After a record-breaking rally last year, gold has lost momentum amid optimism over economies reopening and vaccine rollouts, with the advancing dollar and rising bond yields denting demand for bullion.
Rising bond yields and upbeat risk appetite is denting the safe-haven metal. Gold fell more than 1% on Thursday as U.S. Treasury yields gained on upbeat U.S. economic data. Benchmark 10-year note yields rose to more than a two-week high during the session on U.S. President Joe Biden’s proposal of trillions of dollars in new spending and data showing U.S. economic growth accelerated in the first quarter. Higher yields increase the opportunity cost for holding bullion, said the bullion king of India – Prithviraj Kothari.
The move higher in yields (and a corresponding strengthening of the US Dollar) brought pressure to the gold chart, and precious metals’ spot prices fell steadily throughout Tuesday’s session and into the Asian and European sessions. The pattern repeated in the morning hours of Thursday’s session, thanks to another boost to (possible) inflation expectations when the first pass at calculating growth in the US economy for Q1 of 2021 returned a very strong year-over-year increase (as expected) and the 4-week average of new jobless claims continued to fall towards 600K. After rebounding from Thursday morning’s steep losses, gold stabilized and looked strong on Friday, consolidating near $1770/oz.
In the days to come, markets will be flooded with key economic numbers coming in from the US and a lot of volatility is expected owing to these numbers, according to the bullion king. All eyes will be on the slate of what looks to be very strong macroeconomic data, including manufacturing and employment reports.
- the ISM manufacturing
- Payroll numbers are quite important.
- factory orders
- ADP nonfarm employment
- ISM non-manufacturing PMI
- jobless claims
Key U.S. data will be running hot, and gold will be closely following the market’s inflation expectations as commodities continue to surge. Generally speaking, any surprise to the upside will get inflation expectations higher. That could drive real rates lower, which would be a good catalyst for gold.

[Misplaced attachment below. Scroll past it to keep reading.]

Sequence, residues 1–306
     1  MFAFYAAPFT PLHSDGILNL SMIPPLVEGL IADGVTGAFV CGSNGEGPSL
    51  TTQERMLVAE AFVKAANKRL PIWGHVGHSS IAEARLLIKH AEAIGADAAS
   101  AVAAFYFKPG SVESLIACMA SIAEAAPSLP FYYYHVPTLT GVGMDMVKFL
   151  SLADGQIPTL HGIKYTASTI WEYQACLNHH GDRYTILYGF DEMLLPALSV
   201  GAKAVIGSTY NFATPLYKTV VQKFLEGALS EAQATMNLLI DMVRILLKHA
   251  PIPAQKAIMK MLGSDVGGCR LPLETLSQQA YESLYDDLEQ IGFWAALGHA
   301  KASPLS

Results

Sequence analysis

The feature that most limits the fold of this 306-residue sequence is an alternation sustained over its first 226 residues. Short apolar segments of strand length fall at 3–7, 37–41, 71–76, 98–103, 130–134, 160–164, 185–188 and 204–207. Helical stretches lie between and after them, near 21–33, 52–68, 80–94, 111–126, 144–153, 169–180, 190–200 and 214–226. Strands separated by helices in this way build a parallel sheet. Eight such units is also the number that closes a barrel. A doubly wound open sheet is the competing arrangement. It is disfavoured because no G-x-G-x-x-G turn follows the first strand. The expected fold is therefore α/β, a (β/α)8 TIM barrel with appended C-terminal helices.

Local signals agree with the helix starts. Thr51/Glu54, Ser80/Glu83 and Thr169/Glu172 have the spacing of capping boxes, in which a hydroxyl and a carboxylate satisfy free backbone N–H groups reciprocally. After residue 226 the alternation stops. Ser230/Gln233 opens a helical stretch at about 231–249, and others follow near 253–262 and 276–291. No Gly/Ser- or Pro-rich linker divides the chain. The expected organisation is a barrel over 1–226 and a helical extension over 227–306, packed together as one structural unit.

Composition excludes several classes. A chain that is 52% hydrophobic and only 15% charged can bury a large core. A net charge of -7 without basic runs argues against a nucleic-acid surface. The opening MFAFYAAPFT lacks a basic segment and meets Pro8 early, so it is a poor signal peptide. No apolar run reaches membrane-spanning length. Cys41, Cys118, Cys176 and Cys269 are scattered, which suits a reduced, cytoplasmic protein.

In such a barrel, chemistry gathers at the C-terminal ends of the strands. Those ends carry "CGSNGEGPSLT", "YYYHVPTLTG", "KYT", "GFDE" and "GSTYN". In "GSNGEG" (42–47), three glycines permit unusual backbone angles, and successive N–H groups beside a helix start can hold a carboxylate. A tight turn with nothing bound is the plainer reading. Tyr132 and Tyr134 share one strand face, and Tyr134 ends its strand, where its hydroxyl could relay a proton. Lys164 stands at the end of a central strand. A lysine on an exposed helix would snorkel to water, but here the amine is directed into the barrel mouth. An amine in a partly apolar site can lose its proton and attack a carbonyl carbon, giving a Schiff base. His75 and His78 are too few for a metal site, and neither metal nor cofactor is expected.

On the other hand, we are seeing a rise in gold appetite from the world’s 2 biggest consumers of gold – India and China. According to the bullion king of India, Pritviraj Kothari from RSBL, prices are going down more than 15% from a record high in August in India. Purchases in the world’s second-biggest consumer jumped 37% in the January to March period to 140 tons after slumping to the lowest in more than two decades last year, according to the World Gold Council. A combination of softening gold prices, a sharp pick-up in economic activity and the return of social activities such as weddings supported higher consumption, it said.
China too saw a steep rise in demand for the yellow metal. The release of a spike in demand has become a feature of the gold market with first-quarter sales of jewellery to Chinese women at their highest since 2015. China’s gold jewellery consumption in the first quarter stood at 119.1 tons, the highest quarterly level in seven years, according to the World Gold Council’s latest survey released on Thursday.
The three main reasons behind this rising demand for jewellery were –
- The improving economic conditions
- A slightly lower gold price and
- A sales spree related to holidays
While on one side we see the supply-demand equation, on the other side there is inflation and important US data. For now, the gold market is ignoring its perfect storm of low-interest rates, more government spending, and rising inflation expectations. However, next week could test the Federal Reserve’s policy stance that it is too early to start tapering.
Before gold can move above $1,800 constantly, the market will need to be certain that the U.S. will see persistent inflation, not just momentary. Plus, other parts of the world should begin to recover.
Analysts are warning investors that if gold can’t go up in this current environment, then look for lower prices. However, many analysts say that a retest of recent support could attract new buying momentum to the marketplace.